Three years after its launch and two years after it was retired and replaced with a newer model, the Oculus Quest will finally get the Hand Tracking 2.0 update.
That’s right – the precursor to the hugely popular Meta VR headset, Oculus Quest 2, has yet to be forgotten by Meta, and the Oculus Quest update is expected to land in October (via Upload VR (opens in a new tab)).
Hand Tracking 2.0 (which arrived in Quest 2 earlier this year) will improve the existing capabilities of the original Quest by improving its cameras and software for hand recognition. In particular, it should be able to track your hands when they are moving fast or are partially invisible – provided your playing space is properly lit.
Because of these improvements, Hand Tracking 2.0 should make the use of your hands more addictive. Eventually you’ll be able to clap your hands or fold your hands without any problems with the headset.
You don’t need to do anything to get started with Hand Tracking 2.0, instead you have to wait for the developers to implement the feature in their games. Fortunately, many developers have already adopted and implemented Hand Tracking 2.0 in their Quest 2 titles, including Vacation Simulator and City Builder Little Cities, so the Quest versions should receive an update soon as well.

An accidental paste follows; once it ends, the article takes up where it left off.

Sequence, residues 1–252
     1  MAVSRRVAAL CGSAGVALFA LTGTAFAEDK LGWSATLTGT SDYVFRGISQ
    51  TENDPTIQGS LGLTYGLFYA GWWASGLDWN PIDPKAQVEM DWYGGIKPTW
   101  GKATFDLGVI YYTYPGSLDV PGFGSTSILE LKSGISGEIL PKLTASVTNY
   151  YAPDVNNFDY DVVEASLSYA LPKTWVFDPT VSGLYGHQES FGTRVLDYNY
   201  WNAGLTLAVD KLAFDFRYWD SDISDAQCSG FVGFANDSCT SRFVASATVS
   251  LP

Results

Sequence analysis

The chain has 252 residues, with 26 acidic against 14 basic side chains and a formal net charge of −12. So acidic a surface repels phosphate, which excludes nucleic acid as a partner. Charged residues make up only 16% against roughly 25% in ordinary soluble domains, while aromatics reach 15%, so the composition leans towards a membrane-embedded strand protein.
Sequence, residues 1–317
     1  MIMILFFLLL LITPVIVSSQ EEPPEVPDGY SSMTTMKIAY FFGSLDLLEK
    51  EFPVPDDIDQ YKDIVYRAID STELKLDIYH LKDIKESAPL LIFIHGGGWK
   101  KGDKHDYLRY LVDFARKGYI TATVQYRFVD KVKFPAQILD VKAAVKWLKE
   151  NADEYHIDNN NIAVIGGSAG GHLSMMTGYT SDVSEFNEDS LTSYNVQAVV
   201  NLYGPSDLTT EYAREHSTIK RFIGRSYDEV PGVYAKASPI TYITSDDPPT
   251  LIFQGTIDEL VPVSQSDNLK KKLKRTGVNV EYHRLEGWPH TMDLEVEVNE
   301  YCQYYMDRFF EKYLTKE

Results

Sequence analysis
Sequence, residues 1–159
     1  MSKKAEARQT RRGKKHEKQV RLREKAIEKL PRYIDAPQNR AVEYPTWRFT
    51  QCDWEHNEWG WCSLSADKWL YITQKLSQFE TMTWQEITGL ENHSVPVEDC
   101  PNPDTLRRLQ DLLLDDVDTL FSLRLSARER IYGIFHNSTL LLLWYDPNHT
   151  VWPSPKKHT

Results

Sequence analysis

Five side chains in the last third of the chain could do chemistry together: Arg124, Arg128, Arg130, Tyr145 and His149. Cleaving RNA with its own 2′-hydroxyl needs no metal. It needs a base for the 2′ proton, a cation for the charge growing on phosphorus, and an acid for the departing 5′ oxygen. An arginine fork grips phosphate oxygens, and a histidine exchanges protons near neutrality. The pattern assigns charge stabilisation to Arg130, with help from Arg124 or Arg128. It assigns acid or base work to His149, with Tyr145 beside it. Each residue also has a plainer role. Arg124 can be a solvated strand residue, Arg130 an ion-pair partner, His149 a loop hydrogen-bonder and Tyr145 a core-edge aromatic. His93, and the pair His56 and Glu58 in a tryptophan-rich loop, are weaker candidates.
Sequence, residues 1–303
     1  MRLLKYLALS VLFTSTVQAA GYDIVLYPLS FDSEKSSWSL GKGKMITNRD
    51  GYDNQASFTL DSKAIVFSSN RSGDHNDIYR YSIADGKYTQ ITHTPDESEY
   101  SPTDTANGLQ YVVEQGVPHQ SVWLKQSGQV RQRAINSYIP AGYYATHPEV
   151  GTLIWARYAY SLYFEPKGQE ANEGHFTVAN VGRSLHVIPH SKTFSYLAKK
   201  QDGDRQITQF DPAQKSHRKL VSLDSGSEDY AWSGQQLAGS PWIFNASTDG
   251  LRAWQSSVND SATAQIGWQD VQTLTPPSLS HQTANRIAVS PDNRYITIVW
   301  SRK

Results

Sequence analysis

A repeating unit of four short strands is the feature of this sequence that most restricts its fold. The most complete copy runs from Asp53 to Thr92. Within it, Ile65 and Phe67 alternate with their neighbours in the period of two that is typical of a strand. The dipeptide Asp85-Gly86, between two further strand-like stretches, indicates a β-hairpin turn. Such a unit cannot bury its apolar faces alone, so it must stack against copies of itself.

Analysis: don’t call it back
Unfortunately, this 2.0 hand tracking update should not be seen as a return to the old standalone Meta hardware. We expect this will not trigger an avalanche of support for Oculus Quest.
Because despite being only a year older than Quest 2 (and sharing a lot of similarities), the Quest is a significant downgrade of the specs. It only has 4 GB of RAM (compared to 6 GB in the Quest 2) and uses a combination of the Snapdragon 835 processor and Adreno 540 graphics card, outclassed by the Qualcomm SnapdragonTM XR2 platform.
The power difference already means that some of the best Oculus Quest 2 games (such as Resident Evil 4 VR) are unplayable on an older headset; we expect more new games to be exclusive to Quest 2 in the future.
Instead, consider it a recent hurray for Oculus Quest and one more reason to hold off on updating your VR setup until we know more about Project Cambria (or the hotly anticipated Oculus Quest 3).